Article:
4 People Reveal The Worst Valentine’s Gifts They Ever Received
Whether you regard Valentine’s Day as a serious cultural celebration, a frivolous commercial entity or just plain out cheesy, there’s one thing you can count on. Come February 14, across the country, a lot of gifts will be exchanged. In 2017, that meant spending of around AUD $253 million by those married in the last five years alone.
While flowers, chocolates, dinners and wine comprise the more traditional gifts, many choose to give something less conventional and more personal. And sometimes those gifts, well, they’re pretty weird.
We spoke with four influential young Australians about the worst Valentine’s gifts they’ve ever received.
#1 Dylan Alcott OAM
The four-time Grand Slam wheelchair tennis champion, three-time Paralympic gold medallist and triple j broadcaster recalls an unexpected gift from his high school years. While in the culinary realm, it probably wasn’t the sumptuous feast Saint Valentine had in mind.
“I think the worst and weirdest gift I ever got was in 2008. My first girlfriend baked me pink love heart cookies but stuffed them up and they were black and burnt. She still gave them to me anyway. I also ate them to be nice. They were shocking.”
#2 Bella Venutti
No matter what gift you give on Valentine’s Day, the intention is the same across them all – to make the recipient feel super special. And while Venutti, lead singer and guitarist for Melbourne band IV League, certainly received something unique, it truly failed to flatter.
“The strangest Valentine’s Day gesture I’ve ever experienced came in the form of a hand written acrostic poem from a boy that was extremely bohemian and in touch with his feelings, but admittedly not so savvy when it came to channelling those emotions in written form. We were off to a strong (albeit a little clichéd) start, with the beginning:
B – beautiful
E – exciting
But when I arrived at the third letter of my name and saw ‘L – lazy eyes’ I was confused to say the least. Apparently this was his way of communicating that my eyes look dreamy when I stare off into the distance. Swing and a-miss buddy.”
#3 Max Price
As a man in his early 20s, Price, a comedian, TV writer and the creator of Priceless Productions, received an unusual Valentine’s Day gift that both surprised and delighted.
“Valentine’s Day in my relationships seems to be the only event where equality doesn’t really come into play. I’m always in charge of arranging the date night and very rarely do I get gifts.
But I got one of my few gifts, and certainly the strangest, in 2012. I was 22 and it was the third Valentine’s Day I’d shared with the same lovely lady. The pressure was on for a two-way gift exchange on the day. Clearly, her preparation was much like my preparation for my mum’s birthday—forgetting until the morning of followed by something truly underwhelming.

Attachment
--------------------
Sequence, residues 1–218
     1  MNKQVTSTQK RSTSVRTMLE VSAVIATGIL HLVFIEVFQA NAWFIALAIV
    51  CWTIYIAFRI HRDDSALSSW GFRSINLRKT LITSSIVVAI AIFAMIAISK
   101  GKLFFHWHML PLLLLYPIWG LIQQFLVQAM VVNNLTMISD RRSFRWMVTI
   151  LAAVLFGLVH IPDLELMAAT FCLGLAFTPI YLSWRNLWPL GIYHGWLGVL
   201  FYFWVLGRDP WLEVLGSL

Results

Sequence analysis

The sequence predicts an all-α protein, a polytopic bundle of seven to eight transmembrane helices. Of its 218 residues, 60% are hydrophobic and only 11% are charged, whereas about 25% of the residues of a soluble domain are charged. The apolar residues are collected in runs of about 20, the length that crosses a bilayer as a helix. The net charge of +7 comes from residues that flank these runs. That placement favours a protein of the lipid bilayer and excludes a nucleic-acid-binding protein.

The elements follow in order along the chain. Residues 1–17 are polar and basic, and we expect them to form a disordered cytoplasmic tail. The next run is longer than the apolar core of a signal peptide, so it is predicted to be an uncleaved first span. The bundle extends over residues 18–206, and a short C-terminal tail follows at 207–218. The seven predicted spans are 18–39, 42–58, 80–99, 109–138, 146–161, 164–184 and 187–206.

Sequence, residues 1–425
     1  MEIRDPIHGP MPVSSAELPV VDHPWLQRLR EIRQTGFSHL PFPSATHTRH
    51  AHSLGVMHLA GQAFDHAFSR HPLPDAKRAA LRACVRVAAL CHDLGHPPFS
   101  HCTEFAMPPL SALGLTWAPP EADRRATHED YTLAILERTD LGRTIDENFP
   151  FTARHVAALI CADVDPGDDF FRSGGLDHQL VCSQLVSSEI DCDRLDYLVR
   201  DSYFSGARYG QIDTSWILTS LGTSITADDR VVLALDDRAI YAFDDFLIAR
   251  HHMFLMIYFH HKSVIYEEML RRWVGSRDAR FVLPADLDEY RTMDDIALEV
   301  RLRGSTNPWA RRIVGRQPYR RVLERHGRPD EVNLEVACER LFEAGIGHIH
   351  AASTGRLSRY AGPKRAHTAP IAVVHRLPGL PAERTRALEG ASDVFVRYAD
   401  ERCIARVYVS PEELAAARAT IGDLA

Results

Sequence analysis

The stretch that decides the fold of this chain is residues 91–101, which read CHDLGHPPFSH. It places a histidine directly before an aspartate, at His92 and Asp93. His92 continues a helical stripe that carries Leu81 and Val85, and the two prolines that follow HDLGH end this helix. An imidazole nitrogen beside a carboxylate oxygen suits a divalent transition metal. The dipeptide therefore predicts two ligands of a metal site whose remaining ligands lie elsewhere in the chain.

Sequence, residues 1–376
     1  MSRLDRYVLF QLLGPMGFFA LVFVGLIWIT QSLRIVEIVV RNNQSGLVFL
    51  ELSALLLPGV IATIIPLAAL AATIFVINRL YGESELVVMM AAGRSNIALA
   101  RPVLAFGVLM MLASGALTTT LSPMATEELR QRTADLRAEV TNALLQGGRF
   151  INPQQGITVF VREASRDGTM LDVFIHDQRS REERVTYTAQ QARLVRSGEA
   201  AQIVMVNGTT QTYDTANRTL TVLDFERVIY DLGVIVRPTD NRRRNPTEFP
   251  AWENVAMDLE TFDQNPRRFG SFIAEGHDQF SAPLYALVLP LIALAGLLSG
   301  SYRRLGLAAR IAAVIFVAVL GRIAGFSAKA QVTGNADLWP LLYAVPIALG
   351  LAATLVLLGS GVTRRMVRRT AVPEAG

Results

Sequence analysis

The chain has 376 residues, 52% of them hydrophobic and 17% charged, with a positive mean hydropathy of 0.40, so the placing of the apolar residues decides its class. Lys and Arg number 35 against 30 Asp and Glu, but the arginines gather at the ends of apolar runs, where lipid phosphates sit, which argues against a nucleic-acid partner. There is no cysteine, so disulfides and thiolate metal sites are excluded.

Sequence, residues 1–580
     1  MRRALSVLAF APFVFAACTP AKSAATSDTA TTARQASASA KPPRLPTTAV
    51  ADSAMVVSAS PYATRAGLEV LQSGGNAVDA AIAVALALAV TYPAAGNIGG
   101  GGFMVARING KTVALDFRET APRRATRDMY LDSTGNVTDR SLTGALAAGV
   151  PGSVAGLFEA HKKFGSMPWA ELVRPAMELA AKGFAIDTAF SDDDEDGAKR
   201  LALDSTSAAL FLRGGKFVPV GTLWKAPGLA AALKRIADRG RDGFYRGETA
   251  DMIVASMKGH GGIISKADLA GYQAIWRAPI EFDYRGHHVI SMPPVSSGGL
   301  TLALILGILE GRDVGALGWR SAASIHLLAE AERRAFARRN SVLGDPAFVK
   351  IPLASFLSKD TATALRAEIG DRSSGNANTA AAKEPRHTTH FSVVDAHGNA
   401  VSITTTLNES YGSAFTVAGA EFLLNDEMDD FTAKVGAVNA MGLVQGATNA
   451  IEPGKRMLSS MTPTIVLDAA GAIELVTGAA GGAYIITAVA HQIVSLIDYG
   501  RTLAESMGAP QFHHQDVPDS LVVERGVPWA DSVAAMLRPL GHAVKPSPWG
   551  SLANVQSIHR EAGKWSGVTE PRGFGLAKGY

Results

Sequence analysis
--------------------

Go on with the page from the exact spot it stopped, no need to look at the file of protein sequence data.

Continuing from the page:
The gift I got was ripped up bits of paper with notes on them written in pen. It was supposed to be vouchers. There was your classic massage voucher, a dinner voucher and some sexual favours that, to be honest, were part of our routine already.
My response was blunt—there was concrete evidence that she wrote out these vouchers just before I woke up. We laughed about it…Oh, and then I cashed in one of the vouchers immediately.”
#4 Alice Rezende
As a long-term artist and graphic designer, you’d think Rezende would cherish a gift that was both handcrafted and personal. But hers proves there can be a fine line between intimate and insane, and sometimes, your own company is the best of all.
“I was in grade four and I received an anonymous, ransom-style letter, with the letters cut out of old newspapers and magazines. In the letter, someone professed their love to me. I suspect it was a kid who used to spray too much cologne when attending birthday parties and who my Mum insisted we always give lifts to. The letter told me to meet them at the sandpit behind our classroom after class. I did, and no one ever showed up. I was kind of relieved.”
There’s no doubt about it, there are some bizarre Valentine’s Day gifts out there, and 2018’s instalment is not likely to change that. But as Elle Bennetts, AFL Women’s player for Greater Western Sydney epitomises, for the most part, receiving a gift demands grace and gratitude.
“I guess it’s a pretty nice feeling receiving something special, even if it’s something small. I don’t tend to expect to receive much as I like to give gifts, so when I do receive something, it’s unexpected and I feel special and loved and grateful.”
Can’t argue with that, right?
If you’re yet to get a Valentine’s Day gift, check out this guide.